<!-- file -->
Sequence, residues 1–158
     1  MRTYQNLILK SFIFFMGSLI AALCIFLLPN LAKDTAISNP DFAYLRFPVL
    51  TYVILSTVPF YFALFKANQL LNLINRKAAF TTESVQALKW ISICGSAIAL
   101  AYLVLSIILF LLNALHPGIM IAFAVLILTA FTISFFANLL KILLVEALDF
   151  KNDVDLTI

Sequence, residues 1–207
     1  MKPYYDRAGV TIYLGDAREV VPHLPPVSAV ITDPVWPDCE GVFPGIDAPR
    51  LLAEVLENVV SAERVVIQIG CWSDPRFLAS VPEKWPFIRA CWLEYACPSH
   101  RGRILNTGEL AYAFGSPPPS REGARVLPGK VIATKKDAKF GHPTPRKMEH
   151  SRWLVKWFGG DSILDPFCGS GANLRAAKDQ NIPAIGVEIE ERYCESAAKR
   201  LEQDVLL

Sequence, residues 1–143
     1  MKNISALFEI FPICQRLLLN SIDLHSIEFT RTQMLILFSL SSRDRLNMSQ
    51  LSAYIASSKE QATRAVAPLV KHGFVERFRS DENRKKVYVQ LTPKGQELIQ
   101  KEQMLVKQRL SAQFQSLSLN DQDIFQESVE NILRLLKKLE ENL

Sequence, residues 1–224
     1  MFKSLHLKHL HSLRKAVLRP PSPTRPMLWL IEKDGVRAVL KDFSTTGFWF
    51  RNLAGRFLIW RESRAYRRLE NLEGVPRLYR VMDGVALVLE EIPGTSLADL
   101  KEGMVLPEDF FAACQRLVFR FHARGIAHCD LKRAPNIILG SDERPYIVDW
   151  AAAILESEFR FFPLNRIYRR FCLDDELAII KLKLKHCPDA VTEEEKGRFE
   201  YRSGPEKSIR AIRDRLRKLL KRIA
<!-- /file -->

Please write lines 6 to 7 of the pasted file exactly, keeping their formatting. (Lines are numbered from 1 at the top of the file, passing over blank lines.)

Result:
Sequence, residues 1–207
     1  MKPYYDRAGV TIYLGDAREV VPHLPPVSAV ITDPVWPDCE GVFPGIDAPR